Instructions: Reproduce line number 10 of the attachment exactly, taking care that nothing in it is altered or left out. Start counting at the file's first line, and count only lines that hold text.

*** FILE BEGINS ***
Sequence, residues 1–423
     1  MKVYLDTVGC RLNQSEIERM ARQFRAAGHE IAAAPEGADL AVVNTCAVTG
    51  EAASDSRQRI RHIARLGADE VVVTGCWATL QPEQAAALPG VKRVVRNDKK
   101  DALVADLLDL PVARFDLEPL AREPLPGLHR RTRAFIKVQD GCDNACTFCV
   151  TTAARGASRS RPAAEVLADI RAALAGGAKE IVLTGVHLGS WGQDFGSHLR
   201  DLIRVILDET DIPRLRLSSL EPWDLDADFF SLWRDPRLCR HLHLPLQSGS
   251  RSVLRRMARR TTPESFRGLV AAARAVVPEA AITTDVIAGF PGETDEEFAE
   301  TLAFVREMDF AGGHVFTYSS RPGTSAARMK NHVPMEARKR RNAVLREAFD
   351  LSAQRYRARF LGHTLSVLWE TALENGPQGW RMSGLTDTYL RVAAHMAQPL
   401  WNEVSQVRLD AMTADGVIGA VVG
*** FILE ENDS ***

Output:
   401  WNEVSQVRLD AMTADGVIGA VVG